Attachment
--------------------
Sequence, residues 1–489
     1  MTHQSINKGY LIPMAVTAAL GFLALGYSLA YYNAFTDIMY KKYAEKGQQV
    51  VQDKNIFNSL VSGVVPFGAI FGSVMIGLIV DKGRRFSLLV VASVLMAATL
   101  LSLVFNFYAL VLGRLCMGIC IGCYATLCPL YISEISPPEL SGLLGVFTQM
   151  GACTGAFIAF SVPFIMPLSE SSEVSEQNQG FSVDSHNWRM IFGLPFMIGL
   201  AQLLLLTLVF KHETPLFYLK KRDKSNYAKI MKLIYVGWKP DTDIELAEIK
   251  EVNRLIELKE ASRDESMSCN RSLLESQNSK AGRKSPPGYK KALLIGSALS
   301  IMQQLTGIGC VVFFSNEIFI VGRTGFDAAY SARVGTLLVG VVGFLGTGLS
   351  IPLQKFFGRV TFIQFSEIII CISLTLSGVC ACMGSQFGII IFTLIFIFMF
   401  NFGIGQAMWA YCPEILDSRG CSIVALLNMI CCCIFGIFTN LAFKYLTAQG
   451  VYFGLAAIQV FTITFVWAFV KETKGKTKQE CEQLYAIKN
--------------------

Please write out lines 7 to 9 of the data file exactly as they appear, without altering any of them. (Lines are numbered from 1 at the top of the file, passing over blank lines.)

   251  EVNRLIELKE ASRDESMSCN RSLLESQNSK AGRKSPPGYK KALLIGSALS
   301  IMQQLTGIGC VVFFSNEIFI VGRTGFDAAY SARVGTLLVG VVGFLGTGLS
   351  IPLQKFFGRV TFIQFSEIII CISLTLSGVC ACMGSQFGII IFTLIFIFMF